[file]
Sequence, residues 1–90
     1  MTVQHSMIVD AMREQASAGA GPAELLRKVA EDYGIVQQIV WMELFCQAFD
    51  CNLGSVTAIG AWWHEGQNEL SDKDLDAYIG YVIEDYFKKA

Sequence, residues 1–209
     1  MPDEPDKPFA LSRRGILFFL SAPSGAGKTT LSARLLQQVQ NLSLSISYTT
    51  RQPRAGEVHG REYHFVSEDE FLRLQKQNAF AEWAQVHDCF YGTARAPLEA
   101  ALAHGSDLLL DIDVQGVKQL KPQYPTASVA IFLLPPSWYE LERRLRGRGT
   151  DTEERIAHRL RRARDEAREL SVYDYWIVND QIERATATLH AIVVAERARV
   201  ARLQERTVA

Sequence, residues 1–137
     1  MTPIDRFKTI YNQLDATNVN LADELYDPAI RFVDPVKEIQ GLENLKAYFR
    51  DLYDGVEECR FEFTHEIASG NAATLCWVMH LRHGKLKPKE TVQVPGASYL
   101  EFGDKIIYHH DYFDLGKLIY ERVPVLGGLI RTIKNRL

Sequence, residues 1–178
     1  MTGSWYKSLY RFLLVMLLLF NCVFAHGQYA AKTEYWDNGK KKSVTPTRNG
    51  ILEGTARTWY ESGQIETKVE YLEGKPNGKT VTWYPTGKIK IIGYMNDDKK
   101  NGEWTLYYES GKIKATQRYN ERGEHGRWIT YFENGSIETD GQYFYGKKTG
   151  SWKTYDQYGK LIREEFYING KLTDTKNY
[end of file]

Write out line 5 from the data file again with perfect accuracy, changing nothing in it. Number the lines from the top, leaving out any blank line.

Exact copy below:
     1  MPDEPDKPFA LSRRGILFFL SAPSGAGKTT LSARLLQQVQ NLSLSISYTT